Central Nervous System - Childhood: Symptoms and Signs

This section has been reviewed and approved by the Cancer.Net Editorial Board, 05/2014

ON THIS PAGE: You will find out more about body changes and other things that can signal a problem that may need medical care. To see other pages, use the menu on the side of your screen.

Children with a CNS tumor may experience the following symptoms or signs. Sometimes, children with a CNS tumor do not show any of these symptoms. Or, these symptoms may be caused by a medical condition that is not a tumor.

The symptoms of a CNS tumor can affect any of the brain’s functions and depend on where the tumor is located. A CNS tumor may cause the following symptoms:

  • A seizure or convulsion, which are sudden involuntary movements of a person’s muscles
  • Staring or repetitive automatic movements, such as a neck tilt or a squint
  • Unexplained, persistent nausea and projectile vomiting
  • Weakness or clumsiness, such as difficulty walking and balancing, that seems to get worse
  • Early or delayed puberty, or delayed or abnormal growth
  • Sleep apnea, which is when breathing stops periodically while asleep
  • Vision problems
  • Headache, which may wake a child up at night or develop early in the morning
  • Pain, especially back pain
  • Irritability, listlessness, or changes in personality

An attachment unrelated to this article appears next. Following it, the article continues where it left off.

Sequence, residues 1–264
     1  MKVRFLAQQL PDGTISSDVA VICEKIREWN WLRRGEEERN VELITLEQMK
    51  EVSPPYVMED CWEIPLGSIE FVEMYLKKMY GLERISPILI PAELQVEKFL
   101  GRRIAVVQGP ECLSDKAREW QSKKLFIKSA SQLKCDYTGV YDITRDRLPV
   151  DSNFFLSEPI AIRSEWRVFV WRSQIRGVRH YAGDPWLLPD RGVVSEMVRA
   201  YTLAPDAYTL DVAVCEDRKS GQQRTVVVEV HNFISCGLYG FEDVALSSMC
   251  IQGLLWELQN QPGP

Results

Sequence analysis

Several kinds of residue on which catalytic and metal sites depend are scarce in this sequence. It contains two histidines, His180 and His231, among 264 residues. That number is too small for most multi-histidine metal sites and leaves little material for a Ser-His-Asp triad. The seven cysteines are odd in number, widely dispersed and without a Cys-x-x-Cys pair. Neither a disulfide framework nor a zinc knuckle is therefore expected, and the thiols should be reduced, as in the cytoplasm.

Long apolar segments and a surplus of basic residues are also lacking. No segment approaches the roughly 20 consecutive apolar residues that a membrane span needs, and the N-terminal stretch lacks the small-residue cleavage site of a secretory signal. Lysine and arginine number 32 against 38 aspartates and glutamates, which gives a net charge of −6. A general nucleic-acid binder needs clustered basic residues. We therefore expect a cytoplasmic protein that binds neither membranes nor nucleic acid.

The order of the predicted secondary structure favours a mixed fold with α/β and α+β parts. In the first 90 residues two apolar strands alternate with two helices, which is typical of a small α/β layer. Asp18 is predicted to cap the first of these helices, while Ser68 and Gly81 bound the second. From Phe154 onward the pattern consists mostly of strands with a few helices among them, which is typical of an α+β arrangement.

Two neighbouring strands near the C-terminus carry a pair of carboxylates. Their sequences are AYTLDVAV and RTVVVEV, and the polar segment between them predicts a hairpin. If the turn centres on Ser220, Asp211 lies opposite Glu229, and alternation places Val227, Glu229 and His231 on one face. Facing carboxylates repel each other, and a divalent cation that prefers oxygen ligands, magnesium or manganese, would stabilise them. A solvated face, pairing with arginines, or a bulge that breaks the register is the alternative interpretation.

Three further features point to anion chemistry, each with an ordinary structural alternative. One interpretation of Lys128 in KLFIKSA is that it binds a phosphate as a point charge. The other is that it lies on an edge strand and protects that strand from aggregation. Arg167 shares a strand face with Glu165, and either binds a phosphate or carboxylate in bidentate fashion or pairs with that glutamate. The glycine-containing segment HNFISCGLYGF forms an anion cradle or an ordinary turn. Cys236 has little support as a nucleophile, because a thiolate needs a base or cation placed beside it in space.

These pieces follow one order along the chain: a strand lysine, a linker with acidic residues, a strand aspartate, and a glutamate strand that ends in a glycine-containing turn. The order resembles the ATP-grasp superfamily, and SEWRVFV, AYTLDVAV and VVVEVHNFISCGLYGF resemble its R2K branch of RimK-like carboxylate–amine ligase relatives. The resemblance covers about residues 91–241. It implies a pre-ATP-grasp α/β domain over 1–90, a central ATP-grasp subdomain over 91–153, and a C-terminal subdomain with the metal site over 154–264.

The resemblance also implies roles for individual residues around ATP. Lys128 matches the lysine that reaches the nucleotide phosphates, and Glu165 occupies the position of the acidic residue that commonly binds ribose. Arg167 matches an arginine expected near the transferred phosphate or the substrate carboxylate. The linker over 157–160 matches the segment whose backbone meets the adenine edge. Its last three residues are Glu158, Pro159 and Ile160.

In a baby, the only symptom may be that the head is growing too fast. An infant’s skull can expand to make room for a growing tumor, so the baby may have a larger than normal head.

If you are concerned about one or more of the symptoms or signs on this list, please talk with your child’s doctor. Your doctor will ask how long and how often your child has been experiencing the symptom(s), in addition to other questions. This is to help find out the cause of the problem, called a diagnosis.

If a tumor is diagnosed, relieving symptoms remains an important part of care and treatment. This may also be called symptom management, palliative care, or supportive care. Be sure to talk with the health care team about the symptoms your child experiences, including any new symptoms or a change in symptoms.

The next section helps explain what tests and scans may be needed to learn more about the cause of the symptoms. Use the menu on the side of your screen to select Diagnosis, or you can select another section, to continue reading this guide.